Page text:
The Patrick Robert “Parker” Sydnor Log Cabin was probably built in the third quarter of the 19th century.
A simple structure, it achieved great significance to several generations of African Americans in Mecklenburg County.
Originally on land that was part of Prestwould Plantation, the cabin was sold out of the Skipwith family in 1884, and then to Lovice “Vicey” Skipwith in 1888, a former slave at Prestwould.
It subsequently became a homeplace for several African American families, and became representative of those formerly enslaved families who, when freed, established themselves as tenant farmers on or near their former plantations.
Broadly, it is tangible evidence of the post-slavery economic progress experienced by former slaves, and specifically of the newfound financial and personal freedom African American women experienced during Reconstruction.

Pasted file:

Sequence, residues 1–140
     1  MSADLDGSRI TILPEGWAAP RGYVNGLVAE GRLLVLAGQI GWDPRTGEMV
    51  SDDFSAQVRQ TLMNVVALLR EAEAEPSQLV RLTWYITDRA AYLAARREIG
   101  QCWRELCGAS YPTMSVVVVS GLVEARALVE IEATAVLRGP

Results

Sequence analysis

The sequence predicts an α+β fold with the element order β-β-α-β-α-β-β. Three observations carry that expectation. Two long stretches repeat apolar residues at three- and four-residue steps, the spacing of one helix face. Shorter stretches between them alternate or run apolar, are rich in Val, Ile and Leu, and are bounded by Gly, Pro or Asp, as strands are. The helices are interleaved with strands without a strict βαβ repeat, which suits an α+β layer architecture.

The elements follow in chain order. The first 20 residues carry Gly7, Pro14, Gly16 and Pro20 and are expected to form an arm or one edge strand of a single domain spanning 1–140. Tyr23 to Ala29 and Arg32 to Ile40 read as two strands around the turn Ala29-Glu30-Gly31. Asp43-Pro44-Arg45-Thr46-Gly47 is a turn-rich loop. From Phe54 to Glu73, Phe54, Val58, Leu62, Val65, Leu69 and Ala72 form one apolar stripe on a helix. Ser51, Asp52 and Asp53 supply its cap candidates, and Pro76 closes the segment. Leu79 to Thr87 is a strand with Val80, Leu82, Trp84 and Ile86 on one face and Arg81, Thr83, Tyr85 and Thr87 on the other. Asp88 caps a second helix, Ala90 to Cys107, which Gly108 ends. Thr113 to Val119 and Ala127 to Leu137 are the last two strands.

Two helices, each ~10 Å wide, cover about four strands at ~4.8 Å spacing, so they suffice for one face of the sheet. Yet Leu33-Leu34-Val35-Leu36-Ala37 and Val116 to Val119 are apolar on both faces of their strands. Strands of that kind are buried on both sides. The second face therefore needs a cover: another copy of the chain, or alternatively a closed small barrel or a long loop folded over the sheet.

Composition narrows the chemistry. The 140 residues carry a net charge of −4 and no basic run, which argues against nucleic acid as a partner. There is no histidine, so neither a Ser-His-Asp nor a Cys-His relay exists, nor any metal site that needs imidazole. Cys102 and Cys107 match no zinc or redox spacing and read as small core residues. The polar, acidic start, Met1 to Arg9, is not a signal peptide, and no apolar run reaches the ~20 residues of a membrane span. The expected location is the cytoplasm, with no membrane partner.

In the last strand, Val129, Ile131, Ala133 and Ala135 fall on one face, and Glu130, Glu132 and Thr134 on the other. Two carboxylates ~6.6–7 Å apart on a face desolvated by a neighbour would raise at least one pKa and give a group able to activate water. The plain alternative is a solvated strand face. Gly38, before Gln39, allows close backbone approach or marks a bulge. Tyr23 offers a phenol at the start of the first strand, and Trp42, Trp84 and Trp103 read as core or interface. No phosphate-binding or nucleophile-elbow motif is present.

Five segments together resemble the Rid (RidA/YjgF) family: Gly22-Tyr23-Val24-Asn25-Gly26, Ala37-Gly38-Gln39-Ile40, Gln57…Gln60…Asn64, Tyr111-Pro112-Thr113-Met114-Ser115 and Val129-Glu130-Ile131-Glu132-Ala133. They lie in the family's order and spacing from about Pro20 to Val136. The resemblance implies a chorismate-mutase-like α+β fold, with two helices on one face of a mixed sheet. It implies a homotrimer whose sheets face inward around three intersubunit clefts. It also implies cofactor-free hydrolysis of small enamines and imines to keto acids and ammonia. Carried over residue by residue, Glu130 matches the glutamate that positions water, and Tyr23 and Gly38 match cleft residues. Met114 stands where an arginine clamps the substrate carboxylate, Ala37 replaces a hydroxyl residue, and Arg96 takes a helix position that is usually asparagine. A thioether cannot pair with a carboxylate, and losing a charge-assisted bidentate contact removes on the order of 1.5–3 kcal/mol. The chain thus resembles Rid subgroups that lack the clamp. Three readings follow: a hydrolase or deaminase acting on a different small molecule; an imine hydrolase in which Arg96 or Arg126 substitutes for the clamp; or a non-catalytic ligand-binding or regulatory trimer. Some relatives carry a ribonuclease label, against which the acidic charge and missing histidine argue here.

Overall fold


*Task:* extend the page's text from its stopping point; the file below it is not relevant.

During the 1930s and 1940s, the cabin was also the home of Parker Sydnor, a well-known African American tomb stone carver, whose business thrived through the extensive network of African American churches and funeral parlors in the area.
The Patrick Robert “Parker” Sydnor Civil War-era log cabin was upgraded in 2012 from local to statewide significance in the National Register of Historic Places.
While a local preservation organization currently owns the cabin, it remains in considerable need of support and preservation. As a result it has been placed on the 2022 Virginia's Most Endangered Historic Places list.
For more information, contact: Dr. Angelita D. Reyes, (434) 738-5788; Email: email@example.com